A while back I was working with someone who wasn’t new to technology, but was new to the style of software development that my team was operating within. We worked on getting honest about where he was at over the first few weeks of working together. I could tell this was uncomfortable for him, and, frankly since then I’ve also grown in my empathy for the fear and difficulty experienced by being new with a new technology or process.
I remember clearly talking to my colleague in a 1:1 that he wasn’t where he needed to be to be successful. He knew it. I knew it.
That’s usually a bad place. That’s usually the place where people give up on each other. That’s the place where both parties start making plans to get themselves out of the uncomfortable situation.
Instead of doing that, though, we talked about his goals. What did he want to get out of this job? Out of his life? What is he missing?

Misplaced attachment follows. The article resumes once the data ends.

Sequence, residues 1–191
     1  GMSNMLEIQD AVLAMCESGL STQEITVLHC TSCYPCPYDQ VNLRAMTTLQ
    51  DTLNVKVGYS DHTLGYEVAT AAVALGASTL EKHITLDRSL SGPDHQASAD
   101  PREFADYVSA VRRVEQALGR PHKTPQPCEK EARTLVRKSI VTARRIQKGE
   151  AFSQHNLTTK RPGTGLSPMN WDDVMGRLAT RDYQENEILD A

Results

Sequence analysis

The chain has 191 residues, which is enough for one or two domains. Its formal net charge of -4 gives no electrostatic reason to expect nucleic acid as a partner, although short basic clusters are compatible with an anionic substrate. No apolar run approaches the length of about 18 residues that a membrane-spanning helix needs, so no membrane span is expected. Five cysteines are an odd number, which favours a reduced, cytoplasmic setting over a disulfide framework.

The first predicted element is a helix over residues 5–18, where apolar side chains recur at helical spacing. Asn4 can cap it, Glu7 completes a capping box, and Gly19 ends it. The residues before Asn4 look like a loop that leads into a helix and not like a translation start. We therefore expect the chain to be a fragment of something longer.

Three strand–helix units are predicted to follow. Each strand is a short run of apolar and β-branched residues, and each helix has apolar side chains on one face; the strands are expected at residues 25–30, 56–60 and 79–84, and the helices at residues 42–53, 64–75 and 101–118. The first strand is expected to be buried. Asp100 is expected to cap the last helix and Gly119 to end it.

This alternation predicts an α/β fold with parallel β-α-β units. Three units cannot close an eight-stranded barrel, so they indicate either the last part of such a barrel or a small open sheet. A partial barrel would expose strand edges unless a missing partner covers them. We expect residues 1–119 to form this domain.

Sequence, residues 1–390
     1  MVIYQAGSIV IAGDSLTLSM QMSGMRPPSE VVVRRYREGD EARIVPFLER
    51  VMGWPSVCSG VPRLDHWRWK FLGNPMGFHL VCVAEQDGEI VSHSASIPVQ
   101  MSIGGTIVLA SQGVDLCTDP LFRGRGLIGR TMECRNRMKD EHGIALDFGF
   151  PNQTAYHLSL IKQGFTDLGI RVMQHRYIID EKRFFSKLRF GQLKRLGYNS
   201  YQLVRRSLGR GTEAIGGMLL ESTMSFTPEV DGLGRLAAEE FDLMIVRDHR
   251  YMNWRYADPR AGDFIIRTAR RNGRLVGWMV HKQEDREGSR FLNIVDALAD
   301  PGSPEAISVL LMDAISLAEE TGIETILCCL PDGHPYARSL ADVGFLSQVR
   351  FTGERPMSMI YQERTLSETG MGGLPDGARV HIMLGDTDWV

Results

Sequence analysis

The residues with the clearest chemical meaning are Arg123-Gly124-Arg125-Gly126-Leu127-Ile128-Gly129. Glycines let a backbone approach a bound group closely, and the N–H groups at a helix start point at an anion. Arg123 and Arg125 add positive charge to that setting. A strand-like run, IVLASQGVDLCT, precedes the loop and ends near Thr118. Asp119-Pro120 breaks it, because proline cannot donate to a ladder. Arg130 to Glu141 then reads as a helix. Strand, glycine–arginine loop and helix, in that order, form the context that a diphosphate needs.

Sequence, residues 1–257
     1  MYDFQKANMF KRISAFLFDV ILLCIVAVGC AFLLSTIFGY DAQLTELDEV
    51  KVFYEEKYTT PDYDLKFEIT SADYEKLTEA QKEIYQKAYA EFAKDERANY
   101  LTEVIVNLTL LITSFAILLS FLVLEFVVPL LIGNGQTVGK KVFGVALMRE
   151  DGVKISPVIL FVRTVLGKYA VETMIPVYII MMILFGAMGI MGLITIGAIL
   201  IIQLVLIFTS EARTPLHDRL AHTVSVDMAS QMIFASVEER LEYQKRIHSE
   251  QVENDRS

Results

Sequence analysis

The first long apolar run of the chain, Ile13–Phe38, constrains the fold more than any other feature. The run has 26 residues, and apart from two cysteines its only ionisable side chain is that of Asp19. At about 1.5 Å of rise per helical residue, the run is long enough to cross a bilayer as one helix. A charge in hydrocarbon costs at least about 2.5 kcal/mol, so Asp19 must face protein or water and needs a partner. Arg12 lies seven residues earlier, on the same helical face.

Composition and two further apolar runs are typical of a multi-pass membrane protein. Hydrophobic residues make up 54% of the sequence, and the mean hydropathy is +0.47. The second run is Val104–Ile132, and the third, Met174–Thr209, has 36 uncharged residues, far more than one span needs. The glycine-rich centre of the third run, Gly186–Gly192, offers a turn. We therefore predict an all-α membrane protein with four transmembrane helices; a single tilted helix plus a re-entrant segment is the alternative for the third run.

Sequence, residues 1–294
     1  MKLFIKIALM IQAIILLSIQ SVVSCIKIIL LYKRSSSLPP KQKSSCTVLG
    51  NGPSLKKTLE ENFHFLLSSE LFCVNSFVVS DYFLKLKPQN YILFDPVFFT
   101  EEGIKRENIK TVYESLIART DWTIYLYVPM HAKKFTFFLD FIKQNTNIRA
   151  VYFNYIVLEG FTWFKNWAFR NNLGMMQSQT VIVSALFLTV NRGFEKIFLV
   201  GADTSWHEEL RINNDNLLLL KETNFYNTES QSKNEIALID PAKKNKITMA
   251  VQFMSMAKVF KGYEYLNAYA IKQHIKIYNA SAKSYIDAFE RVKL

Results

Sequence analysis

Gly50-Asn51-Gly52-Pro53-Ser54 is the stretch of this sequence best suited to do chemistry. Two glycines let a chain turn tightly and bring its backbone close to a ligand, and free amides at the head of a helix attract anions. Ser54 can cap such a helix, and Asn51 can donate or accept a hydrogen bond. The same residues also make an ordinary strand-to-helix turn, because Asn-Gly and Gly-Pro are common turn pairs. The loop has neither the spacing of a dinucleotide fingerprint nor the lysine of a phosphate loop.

Then we aligned his goals with mine by creating a growth plan that identified some training opportunities, coding challenges, and regular communication.
A few years later and my colleague is doing well. He made the transition. I see so many managers take the easy way out by their inability to see what’s possible in people. If you had a chance to change someone’s life by helping them gain valuable skills and insights that will serve them the rest of their lives, why wouldn’t you take it?
Watching lives change through clear goals has been one of the most rewarding aspects of my career.